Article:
I’m on Goodreads, though it is disappointing that some of the comments on this site and Amazon are so negative. If someone has read my book and has valid criticism, that’s fine. But when anonymous people make nasty comments, you have to ignore them.

If you’re going to be on social media, you have to be genuinely engaged. I don’t just plug the book. I am interested in politics, human rights, civil rights, and criminal justice, and I post articles about these issues. I respond to comments from people. I’ll also advertise on Facebook and Instagram; I believe the latter is growing faster than Facebook, so authors should seriously consider being on Instagram.

My advice to authors planning to self-publish:

• Self-publishing doesn’t mean DIY. You can hire a company to do everything, including editing and proofreading, interior and cover design, getting an ISBN, drafting cover copy, and uploading the book to your chosen distributor. You can choose the services you want. If you’re computer savvy, there are numerous programs that allow you to easily design your book cover and interior. But you must hire an experienced editor and proofreader. 

• Do your own research. I found my editors through the American Copy Editors Society and the Editorial Freelancers Association.

• Consider creating an audiobook. Audiobooks are incredibly popular, and I made one for Arrows of Fire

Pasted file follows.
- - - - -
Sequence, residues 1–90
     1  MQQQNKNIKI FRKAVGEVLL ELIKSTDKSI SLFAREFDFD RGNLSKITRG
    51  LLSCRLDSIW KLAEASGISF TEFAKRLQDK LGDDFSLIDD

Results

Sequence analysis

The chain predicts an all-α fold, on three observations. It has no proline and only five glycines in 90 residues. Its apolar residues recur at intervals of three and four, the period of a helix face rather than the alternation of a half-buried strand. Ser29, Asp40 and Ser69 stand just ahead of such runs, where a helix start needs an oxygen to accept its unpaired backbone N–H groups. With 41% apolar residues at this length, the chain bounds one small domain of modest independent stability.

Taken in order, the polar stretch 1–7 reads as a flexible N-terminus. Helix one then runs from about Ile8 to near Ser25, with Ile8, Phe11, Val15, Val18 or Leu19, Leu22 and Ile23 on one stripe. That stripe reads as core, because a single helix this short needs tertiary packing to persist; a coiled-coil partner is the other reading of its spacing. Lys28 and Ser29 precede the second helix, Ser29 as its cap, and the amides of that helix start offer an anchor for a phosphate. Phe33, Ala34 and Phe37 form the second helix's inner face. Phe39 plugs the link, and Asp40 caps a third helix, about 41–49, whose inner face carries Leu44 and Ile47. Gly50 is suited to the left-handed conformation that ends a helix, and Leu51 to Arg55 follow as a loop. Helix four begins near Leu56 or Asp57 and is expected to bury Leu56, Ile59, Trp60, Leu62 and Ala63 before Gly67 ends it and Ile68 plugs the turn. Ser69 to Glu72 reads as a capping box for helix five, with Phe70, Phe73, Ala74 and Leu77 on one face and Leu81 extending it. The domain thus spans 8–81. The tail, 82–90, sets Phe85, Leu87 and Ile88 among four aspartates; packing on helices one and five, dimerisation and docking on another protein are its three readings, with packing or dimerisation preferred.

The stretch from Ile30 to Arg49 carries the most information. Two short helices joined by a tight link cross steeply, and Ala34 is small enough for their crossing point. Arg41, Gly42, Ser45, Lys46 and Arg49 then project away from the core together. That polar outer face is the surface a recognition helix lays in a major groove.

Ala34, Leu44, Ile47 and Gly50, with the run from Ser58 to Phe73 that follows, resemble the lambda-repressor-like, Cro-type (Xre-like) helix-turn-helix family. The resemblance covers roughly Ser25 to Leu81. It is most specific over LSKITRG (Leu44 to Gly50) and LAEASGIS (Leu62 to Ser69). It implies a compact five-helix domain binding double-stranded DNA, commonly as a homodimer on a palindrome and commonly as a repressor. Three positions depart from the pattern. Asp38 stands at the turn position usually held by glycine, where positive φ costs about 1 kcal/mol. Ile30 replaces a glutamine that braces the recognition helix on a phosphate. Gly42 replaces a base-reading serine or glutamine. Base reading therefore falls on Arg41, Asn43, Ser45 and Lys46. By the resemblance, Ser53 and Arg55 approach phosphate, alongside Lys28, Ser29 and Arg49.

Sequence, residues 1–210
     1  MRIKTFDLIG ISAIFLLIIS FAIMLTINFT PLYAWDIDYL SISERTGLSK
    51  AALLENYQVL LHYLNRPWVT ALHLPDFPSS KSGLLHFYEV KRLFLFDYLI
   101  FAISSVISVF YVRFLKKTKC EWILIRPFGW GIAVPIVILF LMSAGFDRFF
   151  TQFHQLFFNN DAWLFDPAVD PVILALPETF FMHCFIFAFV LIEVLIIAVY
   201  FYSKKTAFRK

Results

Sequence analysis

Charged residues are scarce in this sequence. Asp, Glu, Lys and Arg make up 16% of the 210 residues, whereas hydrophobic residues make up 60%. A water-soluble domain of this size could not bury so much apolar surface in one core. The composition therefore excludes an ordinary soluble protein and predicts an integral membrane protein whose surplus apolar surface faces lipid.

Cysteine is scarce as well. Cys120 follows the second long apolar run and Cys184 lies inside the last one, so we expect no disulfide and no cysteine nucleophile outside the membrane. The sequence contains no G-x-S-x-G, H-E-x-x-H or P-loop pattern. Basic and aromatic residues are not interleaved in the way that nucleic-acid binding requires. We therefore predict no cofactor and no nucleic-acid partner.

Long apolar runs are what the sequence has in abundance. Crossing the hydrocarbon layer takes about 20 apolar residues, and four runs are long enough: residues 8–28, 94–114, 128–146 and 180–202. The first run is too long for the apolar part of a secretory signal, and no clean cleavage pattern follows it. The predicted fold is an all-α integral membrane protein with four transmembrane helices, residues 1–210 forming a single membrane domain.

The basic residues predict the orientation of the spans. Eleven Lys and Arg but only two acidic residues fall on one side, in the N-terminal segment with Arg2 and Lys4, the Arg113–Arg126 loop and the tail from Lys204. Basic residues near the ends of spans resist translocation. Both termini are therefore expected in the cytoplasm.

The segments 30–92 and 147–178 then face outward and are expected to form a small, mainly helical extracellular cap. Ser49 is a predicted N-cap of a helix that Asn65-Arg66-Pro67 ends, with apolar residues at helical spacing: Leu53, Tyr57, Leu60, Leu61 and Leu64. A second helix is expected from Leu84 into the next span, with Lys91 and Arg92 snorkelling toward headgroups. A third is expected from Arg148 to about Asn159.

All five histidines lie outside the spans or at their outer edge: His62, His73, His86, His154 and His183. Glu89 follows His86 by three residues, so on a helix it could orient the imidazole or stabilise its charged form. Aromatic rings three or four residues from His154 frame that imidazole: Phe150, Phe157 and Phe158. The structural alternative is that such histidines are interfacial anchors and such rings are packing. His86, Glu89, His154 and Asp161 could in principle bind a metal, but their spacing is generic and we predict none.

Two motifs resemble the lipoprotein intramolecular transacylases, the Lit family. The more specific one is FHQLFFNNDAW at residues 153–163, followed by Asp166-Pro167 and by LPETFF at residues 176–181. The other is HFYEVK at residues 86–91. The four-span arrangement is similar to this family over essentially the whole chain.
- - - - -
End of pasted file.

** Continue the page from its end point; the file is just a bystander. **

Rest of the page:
• Spend money on a publicist but don’t expect immediate results. Try to get as much coverage as you can, but don’t count on getting booked on the Today show.

• Have or acquire a very thick skin. Authors, especially self-published ones, must learn not to be offended by harsh criticism.


A Publisher’s Perspective

Juliet Grames is associate publisher at Soho Press in New York City. She is the author of the acclaimed novel The Seven or Eight Deaths of Stella Fortuna (Ecco, 2019).

I am a traditionalist. It makes me sad when a book with merit is self-published; the book won’t get as wide a readership and may be ineligible for some prizes. It took me a very long time to find an agent and then a publisher, so I always encourage authors to keep trying to find the right home for their book. That said, I understand people want to share their creative output, and that is a compelling reason to self-publish.

Word of mouth is the key to a successful book launch, which Bodden appears to understand. Social media is incredibly effective in boosting attendance at book events. Facebook and Instagram have been vital, allowing me to reach strangers and tell them where I will be speaking. It is time-consuming, but it has been very helpful.

Bodden’s willingness to speak at libraries is a terrific strategy. Libraries are great places to reach serious readers, even if you can’t sell your book. 

I am on Goodreads, but as an author I don’t interact with any fans. I specifically recommend that authors not respond to any negative comments on the site. It can be infuriating when someone has misunderstood a book. But when you react to the readers’ opinions, you end up looking like a jerk.